Australia's Vocus gets $2.3 bln takeover offer, shares jump


By Ambar Warrick and Aditya Soni

May 27 (Reuters) - Australia'sVocus Group has received a $2.3 billion buyout offer from Swedish private-equity firm EQT Infrastructure, nearly two years after two suitors walked away from the telco, driving its shares up by their most in nearly nine years on Monday.

The A$3.27 billion offer comes as Vocus undertakes a turnaround plan aimed at cutting its debt load by selling assets, while also preparing for the advent of next-generation mobile networks in Australia. It has already struck a five-year deal that will give it access to larger rival Optus' 5G network.

"It is a very generous price especially considering the history Vocus has had and the space has not actually changed very much in the last couple of years," said Henry Jennings, a senior investment analyst at Marcus Today newsletter.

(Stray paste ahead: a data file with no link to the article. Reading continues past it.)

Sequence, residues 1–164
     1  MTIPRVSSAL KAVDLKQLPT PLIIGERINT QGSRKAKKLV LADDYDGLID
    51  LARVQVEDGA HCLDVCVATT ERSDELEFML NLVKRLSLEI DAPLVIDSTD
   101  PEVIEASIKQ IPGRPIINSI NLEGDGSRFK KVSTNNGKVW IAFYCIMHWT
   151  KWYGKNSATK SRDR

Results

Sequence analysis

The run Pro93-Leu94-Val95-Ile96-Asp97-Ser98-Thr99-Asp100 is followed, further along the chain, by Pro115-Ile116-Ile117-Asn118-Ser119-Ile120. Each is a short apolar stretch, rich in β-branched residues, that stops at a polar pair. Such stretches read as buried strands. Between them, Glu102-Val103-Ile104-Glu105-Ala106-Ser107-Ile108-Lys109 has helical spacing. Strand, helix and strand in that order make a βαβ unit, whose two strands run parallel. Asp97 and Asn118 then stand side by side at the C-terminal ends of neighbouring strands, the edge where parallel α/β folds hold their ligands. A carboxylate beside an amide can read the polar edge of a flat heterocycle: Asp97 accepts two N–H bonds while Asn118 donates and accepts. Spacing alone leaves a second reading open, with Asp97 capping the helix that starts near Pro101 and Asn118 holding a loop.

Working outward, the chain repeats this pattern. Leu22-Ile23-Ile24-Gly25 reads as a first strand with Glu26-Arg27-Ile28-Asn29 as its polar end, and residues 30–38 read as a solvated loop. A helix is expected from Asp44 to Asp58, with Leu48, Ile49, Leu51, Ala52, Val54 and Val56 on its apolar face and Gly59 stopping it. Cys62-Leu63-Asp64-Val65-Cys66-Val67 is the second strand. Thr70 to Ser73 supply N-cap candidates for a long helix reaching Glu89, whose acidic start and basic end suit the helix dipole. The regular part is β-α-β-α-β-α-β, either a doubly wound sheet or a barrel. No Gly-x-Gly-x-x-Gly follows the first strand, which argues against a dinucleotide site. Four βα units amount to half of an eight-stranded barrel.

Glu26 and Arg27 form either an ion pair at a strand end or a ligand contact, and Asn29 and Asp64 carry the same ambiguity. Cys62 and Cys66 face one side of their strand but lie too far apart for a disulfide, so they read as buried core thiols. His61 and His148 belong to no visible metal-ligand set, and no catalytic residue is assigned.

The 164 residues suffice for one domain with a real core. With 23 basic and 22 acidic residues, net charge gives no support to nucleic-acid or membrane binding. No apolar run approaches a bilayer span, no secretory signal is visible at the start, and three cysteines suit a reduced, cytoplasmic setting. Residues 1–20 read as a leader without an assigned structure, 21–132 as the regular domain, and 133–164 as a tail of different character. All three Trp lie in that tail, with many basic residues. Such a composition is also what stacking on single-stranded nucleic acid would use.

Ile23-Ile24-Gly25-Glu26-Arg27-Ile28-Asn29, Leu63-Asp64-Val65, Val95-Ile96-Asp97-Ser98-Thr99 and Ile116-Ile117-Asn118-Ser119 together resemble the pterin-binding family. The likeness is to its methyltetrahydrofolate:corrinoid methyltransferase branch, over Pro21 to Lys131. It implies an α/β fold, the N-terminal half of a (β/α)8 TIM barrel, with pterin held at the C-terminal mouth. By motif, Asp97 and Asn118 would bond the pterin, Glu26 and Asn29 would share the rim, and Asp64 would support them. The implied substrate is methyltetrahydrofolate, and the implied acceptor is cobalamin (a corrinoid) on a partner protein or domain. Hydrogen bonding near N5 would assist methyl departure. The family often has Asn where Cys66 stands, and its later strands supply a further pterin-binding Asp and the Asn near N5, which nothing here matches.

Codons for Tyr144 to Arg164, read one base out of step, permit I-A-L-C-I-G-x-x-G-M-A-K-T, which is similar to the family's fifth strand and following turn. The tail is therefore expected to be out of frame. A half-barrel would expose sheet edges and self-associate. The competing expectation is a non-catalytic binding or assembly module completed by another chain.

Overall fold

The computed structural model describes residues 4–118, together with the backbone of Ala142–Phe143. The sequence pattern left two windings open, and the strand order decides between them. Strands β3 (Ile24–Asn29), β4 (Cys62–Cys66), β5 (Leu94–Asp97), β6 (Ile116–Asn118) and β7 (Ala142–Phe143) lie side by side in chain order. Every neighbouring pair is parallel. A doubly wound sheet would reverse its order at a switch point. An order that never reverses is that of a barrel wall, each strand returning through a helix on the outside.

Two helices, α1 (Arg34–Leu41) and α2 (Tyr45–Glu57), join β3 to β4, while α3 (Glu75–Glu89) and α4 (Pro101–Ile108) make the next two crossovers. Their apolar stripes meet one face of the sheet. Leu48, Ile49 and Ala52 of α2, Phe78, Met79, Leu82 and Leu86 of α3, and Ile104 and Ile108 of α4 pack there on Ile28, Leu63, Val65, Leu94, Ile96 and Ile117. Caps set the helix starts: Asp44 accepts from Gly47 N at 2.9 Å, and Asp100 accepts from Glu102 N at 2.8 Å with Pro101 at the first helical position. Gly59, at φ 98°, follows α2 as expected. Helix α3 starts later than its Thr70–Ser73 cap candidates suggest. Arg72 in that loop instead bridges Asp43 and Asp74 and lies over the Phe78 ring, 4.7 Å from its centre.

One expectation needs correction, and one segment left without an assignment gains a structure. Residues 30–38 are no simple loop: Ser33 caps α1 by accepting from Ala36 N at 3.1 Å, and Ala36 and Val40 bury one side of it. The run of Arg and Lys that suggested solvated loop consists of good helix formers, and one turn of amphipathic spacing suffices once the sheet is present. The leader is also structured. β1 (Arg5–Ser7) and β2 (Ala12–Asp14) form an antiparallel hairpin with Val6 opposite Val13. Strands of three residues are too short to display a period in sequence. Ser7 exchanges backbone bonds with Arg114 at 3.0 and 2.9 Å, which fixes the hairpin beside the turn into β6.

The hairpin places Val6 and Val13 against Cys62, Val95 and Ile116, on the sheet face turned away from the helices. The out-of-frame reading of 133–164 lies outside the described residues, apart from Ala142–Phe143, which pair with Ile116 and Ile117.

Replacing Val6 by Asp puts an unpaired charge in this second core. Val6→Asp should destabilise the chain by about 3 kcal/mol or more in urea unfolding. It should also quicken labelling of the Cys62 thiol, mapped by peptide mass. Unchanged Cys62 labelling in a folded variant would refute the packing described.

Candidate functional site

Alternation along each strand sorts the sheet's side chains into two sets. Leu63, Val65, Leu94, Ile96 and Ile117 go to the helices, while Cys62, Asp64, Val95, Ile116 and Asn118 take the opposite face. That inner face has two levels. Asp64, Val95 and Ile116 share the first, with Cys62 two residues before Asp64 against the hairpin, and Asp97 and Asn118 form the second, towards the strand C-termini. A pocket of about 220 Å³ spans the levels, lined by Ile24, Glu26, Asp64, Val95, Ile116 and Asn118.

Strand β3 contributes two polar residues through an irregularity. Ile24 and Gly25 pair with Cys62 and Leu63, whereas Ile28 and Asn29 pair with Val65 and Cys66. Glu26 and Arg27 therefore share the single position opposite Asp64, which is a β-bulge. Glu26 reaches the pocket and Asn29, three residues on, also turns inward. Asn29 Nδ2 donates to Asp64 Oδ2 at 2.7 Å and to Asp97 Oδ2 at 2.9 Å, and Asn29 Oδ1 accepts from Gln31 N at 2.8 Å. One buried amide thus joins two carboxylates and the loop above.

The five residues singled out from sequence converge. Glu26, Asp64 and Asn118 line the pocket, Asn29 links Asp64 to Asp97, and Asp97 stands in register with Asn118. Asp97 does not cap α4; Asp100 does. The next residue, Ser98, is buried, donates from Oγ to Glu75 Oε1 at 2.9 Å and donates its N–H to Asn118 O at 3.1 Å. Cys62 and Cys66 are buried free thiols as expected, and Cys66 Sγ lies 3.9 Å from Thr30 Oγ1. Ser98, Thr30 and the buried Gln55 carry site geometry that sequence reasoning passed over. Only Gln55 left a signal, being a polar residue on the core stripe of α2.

In 2017, Kohlberg Kravis Roberts & Co and Affinity Equity Partners pulled bids for Vocus, at a time when the sector faced headwinds from the rollout of the government-owned National Broadband Network NBN (graphic).

Vocus is currently being sued by shareholders who allege it engaged in deceptive conduct and breached stock market disclosure obligations regarding earnings guidance in 2017. Vocus has said it intends to defend itself.

The Australian firm said it would grant non-exclusive due diligence access to EQT to allow the company to potentially put forward a formal binding proposal.

EQT was not immediately available for a comment.

Shares of the telco jumped as much as 26 percent on news of the offer, their biggest daily rise since July 2010, in a broader market that was largely flat.

The wider sector is also seeing signs of consolidation ahead of a 5G rollout, with majors TPG Telecom and Vodafone's local business vying for a merger, despite the deal being blocked by Australia's competition regulator.

"There has been some optimism in the sector that we will see a bit of a kick from 5G," Marcus Today's Jennings added.

($1 = 1.4428 Australian dollars)

This article appears in: Politics , World Markets , Stocks

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